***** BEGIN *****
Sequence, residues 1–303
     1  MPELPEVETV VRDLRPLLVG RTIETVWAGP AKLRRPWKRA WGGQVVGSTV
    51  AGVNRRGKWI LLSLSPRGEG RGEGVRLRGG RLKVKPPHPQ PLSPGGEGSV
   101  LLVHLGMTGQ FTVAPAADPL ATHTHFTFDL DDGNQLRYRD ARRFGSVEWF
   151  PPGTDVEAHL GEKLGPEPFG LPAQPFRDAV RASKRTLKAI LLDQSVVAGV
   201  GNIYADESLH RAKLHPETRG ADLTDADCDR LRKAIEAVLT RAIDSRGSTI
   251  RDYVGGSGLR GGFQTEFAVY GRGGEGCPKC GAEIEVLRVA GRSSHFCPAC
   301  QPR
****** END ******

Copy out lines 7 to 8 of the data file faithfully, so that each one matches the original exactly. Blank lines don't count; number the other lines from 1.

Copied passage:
   251  RDYVGGSGLR GGFQTEFAVY GRGGEGCPKC GAEIEVLRVA GRSSHFCPAC
   301  QPR